There’s a truth to parenting that neither Catherine nor I really thought about until we transitioned from husband and wife into dad and mom: this thing is always in flux. Although there’s a start to parenthood, there isn’t an end. There are no true rule books because everyone is different. And despite what we’re trained by mainstream media (yup, I mean Hollywood) to believe, there is no cookie-cutter template for “parent,” or family, for that matter.
That’s my preamble to the news we received this week about our boy.
A few months ago we realized we’d enrolled him in a preschool whose fun, natural and creative philosophy simply wasn’t meant for him. There was the parent-teacher conference that was called after some problems he was having interacting with his classmates. And shortly thereafter, the realization that a lot of the problems described to us matched the findings of the public school system’s initial preschool screening over a year ago: something about needing social/emotional help. So we pulled him out of preschool and initiated a more involved screening with the school to see what we might learn.
The final report came in Tuesday afternoon: our son has Asperger’s Syndrome. The public school system officially uses the label of autism, but in describing him as being on a spectrum, they mention his developed vocabulary and high cognitive scores. Today’s visit to Children’s Hospital & Clinics provided additional confirmation from the medical standpoint.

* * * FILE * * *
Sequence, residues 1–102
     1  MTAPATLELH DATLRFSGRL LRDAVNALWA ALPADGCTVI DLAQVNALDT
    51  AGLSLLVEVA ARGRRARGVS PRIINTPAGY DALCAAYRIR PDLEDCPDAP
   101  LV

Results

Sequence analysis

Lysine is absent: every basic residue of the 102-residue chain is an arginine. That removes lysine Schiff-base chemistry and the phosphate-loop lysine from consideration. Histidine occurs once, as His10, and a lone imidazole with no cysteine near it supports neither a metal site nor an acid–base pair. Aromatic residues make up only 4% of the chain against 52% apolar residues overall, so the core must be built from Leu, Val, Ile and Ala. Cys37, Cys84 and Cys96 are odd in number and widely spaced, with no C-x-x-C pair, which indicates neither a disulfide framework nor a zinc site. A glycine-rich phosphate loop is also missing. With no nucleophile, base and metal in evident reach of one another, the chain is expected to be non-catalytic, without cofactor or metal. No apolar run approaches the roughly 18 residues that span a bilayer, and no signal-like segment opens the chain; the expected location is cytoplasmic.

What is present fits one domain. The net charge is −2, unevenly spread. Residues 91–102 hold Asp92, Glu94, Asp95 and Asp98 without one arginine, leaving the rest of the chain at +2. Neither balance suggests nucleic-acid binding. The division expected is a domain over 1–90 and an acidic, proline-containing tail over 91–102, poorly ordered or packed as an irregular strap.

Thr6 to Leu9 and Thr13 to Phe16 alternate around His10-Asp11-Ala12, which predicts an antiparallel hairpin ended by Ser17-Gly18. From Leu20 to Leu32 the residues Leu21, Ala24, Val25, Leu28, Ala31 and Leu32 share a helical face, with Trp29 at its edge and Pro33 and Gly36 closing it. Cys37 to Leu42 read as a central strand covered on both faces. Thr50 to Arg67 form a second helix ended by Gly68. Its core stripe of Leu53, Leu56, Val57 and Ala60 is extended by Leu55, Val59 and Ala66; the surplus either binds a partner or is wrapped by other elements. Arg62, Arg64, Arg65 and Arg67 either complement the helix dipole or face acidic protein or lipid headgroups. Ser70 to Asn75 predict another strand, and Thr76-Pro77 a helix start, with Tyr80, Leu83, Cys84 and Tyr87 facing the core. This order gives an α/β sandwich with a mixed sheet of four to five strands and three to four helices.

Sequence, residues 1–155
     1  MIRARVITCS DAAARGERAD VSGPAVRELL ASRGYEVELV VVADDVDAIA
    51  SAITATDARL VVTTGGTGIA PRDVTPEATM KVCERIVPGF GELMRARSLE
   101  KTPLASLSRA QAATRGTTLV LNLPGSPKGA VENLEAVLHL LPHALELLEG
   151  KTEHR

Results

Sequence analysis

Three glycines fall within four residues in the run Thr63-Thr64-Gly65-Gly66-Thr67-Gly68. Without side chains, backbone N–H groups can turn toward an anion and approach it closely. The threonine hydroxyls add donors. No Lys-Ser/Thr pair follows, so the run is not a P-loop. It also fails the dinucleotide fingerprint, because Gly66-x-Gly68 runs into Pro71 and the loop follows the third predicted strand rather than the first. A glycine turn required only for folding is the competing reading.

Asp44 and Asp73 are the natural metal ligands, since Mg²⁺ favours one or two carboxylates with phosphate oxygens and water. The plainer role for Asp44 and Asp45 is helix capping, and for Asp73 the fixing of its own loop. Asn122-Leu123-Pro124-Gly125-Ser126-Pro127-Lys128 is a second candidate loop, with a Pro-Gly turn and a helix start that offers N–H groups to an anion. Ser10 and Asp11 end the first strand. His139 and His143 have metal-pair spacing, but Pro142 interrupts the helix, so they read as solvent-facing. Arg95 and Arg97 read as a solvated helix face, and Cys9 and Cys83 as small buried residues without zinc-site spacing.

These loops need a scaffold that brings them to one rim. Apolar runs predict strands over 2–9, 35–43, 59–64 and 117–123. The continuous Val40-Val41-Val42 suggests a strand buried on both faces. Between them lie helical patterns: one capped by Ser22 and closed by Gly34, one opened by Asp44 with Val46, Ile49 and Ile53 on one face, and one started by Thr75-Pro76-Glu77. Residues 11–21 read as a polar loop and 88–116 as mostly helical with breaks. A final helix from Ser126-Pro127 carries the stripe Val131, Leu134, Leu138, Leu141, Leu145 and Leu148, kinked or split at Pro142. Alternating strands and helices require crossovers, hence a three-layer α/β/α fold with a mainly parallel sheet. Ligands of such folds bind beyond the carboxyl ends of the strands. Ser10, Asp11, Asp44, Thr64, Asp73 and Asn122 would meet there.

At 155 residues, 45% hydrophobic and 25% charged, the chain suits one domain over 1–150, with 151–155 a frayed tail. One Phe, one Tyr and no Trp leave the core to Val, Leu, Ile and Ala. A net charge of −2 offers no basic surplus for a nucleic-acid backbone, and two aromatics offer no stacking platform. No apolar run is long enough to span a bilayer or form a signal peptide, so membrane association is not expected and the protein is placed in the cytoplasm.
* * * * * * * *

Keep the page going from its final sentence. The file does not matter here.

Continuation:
While this discovery has huge implications for our boy–for the rest of his life–it’s a positive discovery in that we’ve acknowledged it so early in his schooling and are able to adjust his educational path before his classmates’ (and our society’s) stigmas cloud his self-awareness and emotional state. Asperger’s is not curable. But by acknowledging the role his condition plays in his social interactions, learning experiences and behaviors at home, we (or any adult, peer, etc. who spends time with him) will help him overcome as best he can.
I would be lying if I said I wasn’t sad or a little down. But I think that’s the uncertainty speaking more than anything else. And that really doesn’t make any sense, since none of us knows what comes next anyway. Asperger’s or not. Life is about being uncertain.
Our son is a strong boy, a smart boy, and a boy with a supportive network of family, friends and teachers. That’s the best “cure” he’s going to get. Time to take the next step with my family on this journey.